By Sade Williams/Business a.m.
All freight forwarders, air carriers, express couriers, and postal operators transporting goods to or through the European Union (EU) (including Norway and Switzerland) are from March 1, 2023, required to submit advance cargo information in the form of a complete Entry Summary Declaration (ENS), under the second phase of the EU’s new customs pre-arrival security and safety programme – Import Control System 2 (ICS2) Release 2.
Economic operators involved in handling, sending, shipping and transporting cargo, express or postal consignments to or via the EU by air have to comply with new advance data reporting requirements for pre-loading and pre-arrival customs risk assessments.
By collecting data about all goods entering the EU prior to their loading and arrival, ICS2 will be supporting effective risk-based customs controls while facilitating free flow of legitimate trade across the EU’s external borders, according to an explanatory statement.
The ICS2 will also simplify the movement of goods between customs offices at the first point of entry and final destination in the EU, the statement noted.
It added that for economic operators, ICS2 will streamline requests for additional information and pre-departure risk screening by customs authorities. In addition to air carriers’ ENS filing responsibilities under the multiple filing regime of Release 2, freight forwarders, express couriers, and postal operators will also be legally responsible for providing data.
They either have to share it with the air carriers, who will then complete the ENS filing requirements, or submit the data directly to ICS2. Postal operators and express couriers, who have previously been declaring partial information regarding inbound shipments (under ICS2 Phase 1), will now also be required to coordinate with their air carrier to submit all required data.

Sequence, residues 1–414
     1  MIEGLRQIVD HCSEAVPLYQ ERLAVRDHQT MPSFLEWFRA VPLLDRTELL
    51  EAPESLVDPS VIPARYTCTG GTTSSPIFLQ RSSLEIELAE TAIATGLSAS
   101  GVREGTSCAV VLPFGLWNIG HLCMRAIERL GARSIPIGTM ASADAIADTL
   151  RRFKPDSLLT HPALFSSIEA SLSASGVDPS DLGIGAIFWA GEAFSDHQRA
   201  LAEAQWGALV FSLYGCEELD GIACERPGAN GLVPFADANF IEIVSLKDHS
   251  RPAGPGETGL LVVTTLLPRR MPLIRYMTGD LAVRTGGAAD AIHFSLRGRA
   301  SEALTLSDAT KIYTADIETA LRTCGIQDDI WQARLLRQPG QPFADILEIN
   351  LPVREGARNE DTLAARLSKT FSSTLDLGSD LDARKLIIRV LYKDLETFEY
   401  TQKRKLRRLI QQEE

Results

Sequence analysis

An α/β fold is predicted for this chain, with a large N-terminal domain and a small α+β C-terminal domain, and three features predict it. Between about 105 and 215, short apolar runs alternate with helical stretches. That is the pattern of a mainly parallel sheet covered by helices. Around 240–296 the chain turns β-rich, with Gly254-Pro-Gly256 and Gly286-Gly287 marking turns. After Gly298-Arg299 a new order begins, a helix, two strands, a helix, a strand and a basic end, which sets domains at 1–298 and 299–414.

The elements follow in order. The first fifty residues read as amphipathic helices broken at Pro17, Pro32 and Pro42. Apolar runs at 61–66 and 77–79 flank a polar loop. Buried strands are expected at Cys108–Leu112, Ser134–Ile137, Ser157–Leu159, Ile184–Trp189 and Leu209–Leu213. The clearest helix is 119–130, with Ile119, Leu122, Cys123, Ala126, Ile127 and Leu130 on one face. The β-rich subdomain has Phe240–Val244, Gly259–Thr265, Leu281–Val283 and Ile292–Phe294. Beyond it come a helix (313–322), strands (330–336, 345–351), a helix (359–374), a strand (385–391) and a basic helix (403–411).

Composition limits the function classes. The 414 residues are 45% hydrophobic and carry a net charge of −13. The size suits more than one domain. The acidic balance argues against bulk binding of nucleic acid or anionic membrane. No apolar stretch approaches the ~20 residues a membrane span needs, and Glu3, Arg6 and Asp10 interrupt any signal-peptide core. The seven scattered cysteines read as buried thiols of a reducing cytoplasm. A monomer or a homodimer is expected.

Those in the air transport sector who are currently filing in advance cargo information into the Import Control System (ICS) will have to gradually start filing this data into ICS2 during the operational roll-out of Release 2.
Economic operators were strongly advised to prepare in advance for Release 2, in order to avoid the risk of delays and non-compliance.To help prepare for the introduction of ICS2 Release 2, the European Commission (EC) will make available a conformance testing environment from July 2022 until February 2023, to be able to verify the economic operator’s ability to access and exchange messages with customs authorities through the intended ICS2 trader interface.
“This conformance testing is mandatory for all economic operators concerned. Economic operators responsible for filing ENS data to ICS2 should determine whether they have an existing Economic Operators Registration and Identification (EORI) number. If not, they should contact the EU customs authority of their choice to get this number and to receive support in preparing for ICS2 Release 2.
“They should also evaluate their trade operations for the handling of imports into the EU and contact their selected customs authority to connect and take part in the upcoming Release 2 conformance testing,” the statement further read.
‘ ICS2 Release 2’ explained
The EU Import Control System 2 (ICS2) is a large-scale initiative to enhance customs oversight of the movement of goods prior to their arrival at the EU external borders (air, maritime, land and inland waterways). ICS2 enables customs authorities to identify high-risk consignments that necessitate early intervention, while facilitating legitimate trade into the customs territory of the EU, Norway, and Switzerland.
The system is being implemented in three releases.
Having successfully completed Release 1 covering the pre-loading process for postal and express consignments by air on 15 March 2021, Release 2 is the next step in the system’s implementation, and it will go live on 1 March 2023.
Release 3 will be implemented from 1 March 2024, requiring operators carrying goods on maritime and inland waterways, roads and railways to comply with the new regulations.
The European Commission is leading the operational delivery of ICS2 in close collaboration with customs authorities in member states, Norway and Switzerland and industry stakeholders.